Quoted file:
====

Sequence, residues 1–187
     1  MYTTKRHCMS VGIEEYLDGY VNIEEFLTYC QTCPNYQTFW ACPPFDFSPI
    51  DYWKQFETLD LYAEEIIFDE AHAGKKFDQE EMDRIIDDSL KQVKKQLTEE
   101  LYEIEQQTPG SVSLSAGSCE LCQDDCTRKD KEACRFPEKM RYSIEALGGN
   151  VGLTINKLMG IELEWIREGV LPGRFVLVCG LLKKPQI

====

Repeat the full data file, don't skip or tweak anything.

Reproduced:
Sequence, residues 1–187
     1  MYTTKRHCMS VGIEEYLDGY VNIEEFLTYC QTCPNYQTFW ACPPFDFSPI
    51  DYWKQFETLD LYAEEIIFDE AHAGKKFDQE EMDRIIDDSL KQVKKQLTEE
   101  LYEIEQQTPG SVSLSAGSCE LCQDDCTRKD KEACRFPEKM RYSIEALGGN
   151  VGLTINKLMG IELEWIREGV LPGRFVLVCG LLKKPQI